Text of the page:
What should we have for dinner?
That simple question has driven author Michael Pollan to seek out the origins of that most basic of human needs: food. He follows several types of meals that the average person eats today, including industrial (fast food), organic, and hunted/gathered food.
Pollan begins his journey by investigating the industrial food system, from which most Americans obtain their food. He makes the realization that nearly every product he tracks, the most basic of elements is corn (more on that here: https://scienceguy288.wordpress.com/2009/10/25/a-strange-system-food-too-corny/). Pollan gives political, scientific, and cultural reasons why this plant has come to dominate our agricultural system. He also delves into issues like the use of oil in fertilizing and transporting food (more here: https://scienceguy288.wordpress.com/2009/11/08/a-strange-system-food-hard-travelin-blues/).
To study organic farming, Pollan details the history of the organic food in America. He points out that while it may be better than industrial food for our health and the environment, it has become a business and lost sight of its original goals, making it a popular choice for the rich and well-off, but an impossible option for most people. Second, Pollan visits Joel Salatin’s small scale organic farm. Salatin uses nearly no external imputs, including chemical fertilizer, or pesticides. Instead, he uses the complex interactions between individual agents on a farm to create a sustainable farming system. This allows all “waste” to be reused. Farmers like these produced locally almost exclusively.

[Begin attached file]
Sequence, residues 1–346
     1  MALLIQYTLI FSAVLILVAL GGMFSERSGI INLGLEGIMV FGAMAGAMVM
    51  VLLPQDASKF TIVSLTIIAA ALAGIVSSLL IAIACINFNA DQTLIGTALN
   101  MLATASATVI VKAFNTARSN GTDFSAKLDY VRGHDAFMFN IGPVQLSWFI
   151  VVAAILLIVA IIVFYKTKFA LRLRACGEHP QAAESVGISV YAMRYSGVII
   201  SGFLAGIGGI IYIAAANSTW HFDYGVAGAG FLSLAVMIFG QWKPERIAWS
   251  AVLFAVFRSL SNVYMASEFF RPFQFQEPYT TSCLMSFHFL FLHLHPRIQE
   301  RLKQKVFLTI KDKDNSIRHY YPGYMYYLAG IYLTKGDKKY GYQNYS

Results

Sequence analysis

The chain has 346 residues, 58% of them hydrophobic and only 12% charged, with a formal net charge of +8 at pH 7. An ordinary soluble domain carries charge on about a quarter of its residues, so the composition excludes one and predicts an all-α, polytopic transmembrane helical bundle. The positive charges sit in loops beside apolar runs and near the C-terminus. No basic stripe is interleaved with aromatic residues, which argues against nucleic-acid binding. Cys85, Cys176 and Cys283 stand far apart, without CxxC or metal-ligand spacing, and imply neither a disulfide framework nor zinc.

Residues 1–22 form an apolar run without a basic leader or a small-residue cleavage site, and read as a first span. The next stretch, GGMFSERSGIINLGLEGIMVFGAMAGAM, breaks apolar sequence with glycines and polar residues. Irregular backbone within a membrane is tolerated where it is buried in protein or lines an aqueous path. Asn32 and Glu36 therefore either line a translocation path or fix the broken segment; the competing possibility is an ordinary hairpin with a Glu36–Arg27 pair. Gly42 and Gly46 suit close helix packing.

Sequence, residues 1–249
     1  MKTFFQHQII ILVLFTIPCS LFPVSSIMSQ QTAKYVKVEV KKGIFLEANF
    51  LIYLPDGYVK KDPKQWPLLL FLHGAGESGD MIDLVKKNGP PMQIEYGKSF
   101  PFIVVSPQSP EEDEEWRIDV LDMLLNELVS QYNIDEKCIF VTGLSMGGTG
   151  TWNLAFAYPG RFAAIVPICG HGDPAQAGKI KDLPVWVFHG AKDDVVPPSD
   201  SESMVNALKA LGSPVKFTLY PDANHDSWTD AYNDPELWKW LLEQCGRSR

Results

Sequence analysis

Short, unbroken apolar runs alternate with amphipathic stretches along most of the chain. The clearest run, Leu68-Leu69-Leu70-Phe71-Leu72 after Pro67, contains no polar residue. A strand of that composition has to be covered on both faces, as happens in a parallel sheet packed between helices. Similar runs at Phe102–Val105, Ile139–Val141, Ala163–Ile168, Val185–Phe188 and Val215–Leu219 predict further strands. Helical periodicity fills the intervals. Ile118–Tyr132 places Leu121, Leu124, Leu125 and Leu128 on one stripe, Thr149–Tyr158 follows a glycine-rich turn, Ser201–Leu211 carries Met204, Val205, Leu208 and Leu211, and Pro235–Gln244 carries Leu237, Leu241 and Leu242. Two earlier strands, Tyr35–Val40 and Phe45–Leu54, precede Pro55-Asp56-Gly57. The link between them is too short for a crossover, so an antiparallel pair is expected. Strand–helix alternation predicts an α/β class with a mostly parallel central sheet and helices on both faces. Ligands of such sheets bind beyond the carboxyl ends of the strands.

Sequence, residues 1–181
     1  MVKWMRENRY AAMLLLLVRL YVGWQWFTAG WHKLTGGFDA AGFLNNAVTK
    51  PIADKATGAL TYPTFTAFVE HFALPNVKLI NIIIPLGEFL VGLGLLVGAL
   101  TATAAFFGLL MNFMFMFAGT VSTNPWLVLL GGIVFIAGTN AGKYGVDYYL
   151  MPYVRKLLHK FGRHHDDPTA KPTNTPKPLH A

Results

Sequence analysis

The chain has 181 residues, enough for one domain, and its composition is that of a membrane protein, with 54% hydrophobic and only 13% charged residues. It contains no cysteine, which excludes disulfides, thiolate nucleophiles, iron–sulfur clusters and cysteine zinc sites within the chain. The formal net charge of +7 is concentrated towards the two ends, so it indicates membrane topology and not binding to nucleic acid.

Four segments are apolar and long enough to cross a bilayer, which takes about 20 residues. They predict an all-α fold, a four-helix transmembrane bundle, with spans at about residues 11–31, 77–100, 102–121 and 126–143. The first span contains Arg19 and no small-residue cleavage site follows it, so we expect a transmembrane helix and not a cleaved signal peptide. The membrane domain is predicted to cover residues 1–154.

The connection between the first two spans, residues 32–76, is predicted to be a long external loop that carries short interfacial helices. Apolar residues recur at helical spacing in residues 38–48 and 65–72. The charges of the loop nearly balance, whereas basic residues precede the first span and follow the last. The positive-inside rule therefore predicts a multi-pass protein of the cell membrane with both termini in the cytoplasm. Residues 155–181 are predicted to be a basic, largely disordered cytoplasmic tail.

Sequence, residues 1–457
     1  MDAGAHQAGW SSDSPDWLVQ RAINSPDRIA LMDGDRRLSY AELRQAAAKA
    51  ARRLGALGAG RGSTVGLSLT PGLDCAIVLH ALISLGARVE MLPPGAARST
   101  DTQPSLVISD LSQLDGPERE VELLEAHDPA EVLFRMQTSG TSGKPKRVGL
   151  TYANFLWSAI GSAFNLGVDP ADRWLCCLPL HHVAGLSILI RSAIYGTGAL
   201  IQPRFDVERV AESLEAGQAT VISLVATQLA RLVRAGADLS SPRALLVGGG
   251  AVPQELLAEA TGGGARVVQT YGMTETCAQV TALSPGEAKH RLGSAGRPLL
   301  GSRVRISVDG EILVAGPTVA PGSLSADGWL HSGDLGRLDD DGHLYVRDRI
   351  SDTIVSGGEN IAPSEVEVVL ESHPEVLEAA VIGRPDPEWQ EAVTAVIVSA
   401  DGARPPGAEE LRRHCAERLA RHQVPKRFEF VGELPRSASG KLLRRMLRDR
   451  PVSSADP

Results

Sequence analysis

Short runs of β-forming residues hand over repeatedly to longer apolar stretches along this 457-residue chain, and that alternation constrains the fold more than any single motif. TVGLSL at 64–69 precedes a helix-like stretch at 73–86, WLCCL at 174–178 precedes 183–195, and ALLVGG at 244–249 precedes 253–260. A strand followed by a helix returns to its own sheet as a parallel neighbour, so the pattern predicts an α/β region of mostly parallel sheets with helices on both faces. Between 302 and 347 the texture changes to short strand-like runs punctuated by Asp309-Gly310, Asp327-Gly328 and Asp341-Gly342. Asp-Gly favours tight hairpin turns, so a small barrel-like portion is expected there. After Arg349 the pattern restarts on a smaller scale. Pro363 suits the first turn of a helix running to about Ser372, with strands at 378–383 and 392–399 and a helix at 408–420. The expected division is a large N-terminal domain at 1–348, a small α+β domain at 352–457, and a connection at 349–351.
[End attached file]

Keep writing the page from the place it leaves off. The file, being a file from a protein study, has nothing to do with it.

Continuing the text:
Finally, Pollan goes on a journey to create his own meal from scratch, using only animals and plants he himself has hunted and gathered. He gives a wonderful narrative of his hunt for wild pigs, search for edible wild mushrooms, and gathering greens. Pollan concludes that although this meal is not altogether practical, it certainly does better connect us to our land base and should be tried occasionally. He leaves other conclusions up to the reader, so as to allow them to make their own eating choices based on the evidence he has gathered.
Pollan’s book is a wonderful blend of investigative journalism, science, and philosophy. If nothing else, he gives deeper meanings to the questions, “What should we have for dinner,” and “If we are what are we eat, what are we?” My only criticism is that his writing is, in my mind, a bit drawn out. I would also have preferred to have some more scientific evidence interspersed with his writing. But, I may just be a bit tired of reading on the topic as I have also read Animal, Vegetable, Miracle by Barbara Kingsolver.